Rembrandt, Self-portrait (1628)

Eyes in shadow, mouth slightly open, and hair in wild curls, Rembrandt seems to hide more than he reveals in his early self-portrait from 1628. There’s something very rough and unformed about his personality (a remarkable self-scrutiny for a young man of 22) that he’s able to convey through his handling of the paint. I’m struck, in particular, by three quick daubs of whitish impasto that reside on the surface of the panel, never quite becoming part of the illusion of bodily presence: a small patch on the tip of the bulbous nose, a circular smear on the earlobe, and a short off-white line in the blue-gray shadow of his neck. Maybe because of the way they meet my eye as paint strokes first and foremost, before suggesting the illusionistic glint of highlights — as the work of a hand making a last-minute painterly signature, an emphatic ‘I am here’ statement — they suggest something of the brash, cocky, impetuous nature of the young man.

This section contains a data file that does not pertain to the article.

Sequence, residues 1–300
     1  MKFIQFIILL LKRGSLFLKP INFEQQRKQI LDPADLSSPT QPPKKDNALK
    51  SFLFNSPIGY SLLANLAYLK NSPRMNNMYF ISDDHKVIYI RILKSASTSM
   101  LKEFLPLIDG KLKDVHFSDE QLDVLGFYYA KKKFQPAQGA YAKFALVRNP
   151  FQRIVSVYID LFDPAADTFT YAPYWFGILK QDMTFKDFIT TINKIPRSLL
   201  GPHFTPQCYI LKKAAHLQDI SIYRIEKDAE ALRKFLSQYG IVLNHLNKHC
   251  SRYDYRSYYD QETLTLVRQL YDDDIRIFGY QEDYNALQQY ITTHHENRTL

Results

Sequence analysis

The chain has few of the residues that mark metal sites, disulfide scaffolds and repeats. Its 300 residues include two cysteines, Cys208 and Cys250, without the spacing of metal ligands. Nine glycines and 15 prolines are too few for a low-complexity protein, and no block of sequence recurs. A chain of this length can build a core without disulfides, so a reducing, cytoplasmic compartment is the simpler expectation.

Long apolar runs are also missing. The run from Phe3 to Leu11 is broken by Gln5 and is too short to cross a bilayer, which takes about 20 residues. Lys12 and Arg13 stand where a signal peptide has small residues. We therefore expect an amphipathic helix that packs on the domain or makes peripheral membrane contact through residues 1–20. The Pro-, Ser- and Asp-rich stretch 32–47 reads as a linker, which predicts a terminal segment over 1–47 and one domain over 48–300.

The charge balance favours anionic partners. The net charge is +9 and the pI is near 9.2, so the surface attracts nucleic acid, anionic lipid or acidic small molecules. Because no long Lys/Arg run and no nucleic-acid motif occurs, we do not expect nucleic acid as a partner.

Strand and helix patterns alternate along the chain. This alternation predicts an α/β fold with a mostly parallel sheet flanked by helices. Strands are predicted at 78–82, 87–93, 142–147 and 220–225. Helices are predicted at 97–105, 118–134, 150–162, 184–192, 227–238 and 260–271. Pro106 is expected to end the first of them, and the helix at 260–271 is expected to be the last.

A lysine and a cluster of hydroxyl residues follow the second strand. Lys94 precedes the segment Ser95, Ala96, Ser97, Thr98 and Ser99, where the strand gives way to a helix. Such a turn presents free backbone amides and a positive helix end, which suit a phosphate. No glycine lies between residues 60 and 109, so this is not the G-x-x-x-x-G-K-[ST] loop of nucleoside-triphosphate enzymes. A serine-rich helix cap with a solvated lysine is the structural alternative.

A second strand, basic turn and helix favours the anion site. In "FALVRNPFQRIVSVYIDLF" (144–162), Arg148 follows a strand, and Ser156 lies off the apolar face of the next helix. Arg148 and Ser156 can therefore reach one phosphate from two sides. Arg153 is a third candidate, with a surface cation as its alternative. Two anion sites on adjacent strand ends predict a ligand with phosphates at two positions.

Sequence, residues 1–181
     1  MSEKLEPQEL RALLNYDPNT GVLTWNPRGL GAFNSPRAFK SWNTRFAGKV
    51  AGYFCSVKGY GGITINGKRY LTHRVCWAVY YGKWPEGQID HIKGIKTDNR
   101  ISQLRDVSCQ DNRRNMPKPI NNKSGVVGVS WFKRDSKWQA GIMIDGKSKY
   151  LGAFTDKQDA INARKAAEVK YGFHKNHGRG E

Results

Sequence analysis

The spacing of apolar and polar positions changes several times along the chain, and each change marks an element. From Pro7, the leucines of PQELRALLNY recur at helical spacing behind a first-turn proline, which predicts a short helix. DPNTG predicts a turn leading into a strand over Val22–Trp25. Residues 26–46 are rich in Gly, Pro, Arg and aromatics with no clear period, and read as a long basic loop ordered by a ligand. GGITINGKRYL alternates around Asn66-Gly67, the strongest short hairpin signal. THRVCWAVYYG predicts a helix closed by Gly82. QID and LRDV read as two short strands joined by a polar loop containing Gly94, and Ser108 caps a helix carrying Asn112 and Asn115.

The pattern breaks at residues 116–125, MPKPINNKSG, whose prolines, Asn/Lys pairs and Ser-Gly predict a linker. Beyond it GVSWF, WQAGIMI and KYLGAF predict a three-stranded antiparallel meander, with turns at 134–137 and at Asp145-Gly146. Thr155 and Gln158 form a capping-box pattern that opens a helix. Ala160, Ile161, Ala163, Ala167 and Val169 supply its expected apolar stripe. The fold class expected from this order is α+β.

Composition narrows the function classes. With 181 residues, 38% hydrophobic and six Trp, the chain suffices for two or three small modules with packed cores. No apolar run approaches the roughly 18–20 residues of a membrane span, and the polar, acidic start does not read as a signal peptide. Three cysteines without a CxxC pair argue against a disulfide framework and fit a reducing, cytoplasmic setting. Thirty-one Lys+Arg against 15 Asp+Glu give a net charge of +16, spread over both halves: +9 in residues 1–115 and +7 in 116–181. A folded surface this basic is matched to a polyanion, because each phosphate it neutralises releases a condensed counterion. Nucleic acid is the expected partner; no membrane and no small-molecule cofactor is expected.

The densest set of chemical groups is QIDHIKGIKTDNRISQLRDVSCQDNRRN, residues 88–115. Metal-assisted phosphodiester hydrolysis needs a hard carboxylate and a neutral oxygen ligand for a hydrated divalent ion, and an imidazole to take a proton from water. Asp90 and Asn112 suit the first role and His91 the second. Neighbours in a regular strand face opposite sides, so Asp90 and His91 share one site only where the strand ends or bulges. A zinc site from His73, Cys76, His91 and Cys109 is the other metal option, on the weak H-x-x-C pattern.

–Elise Smith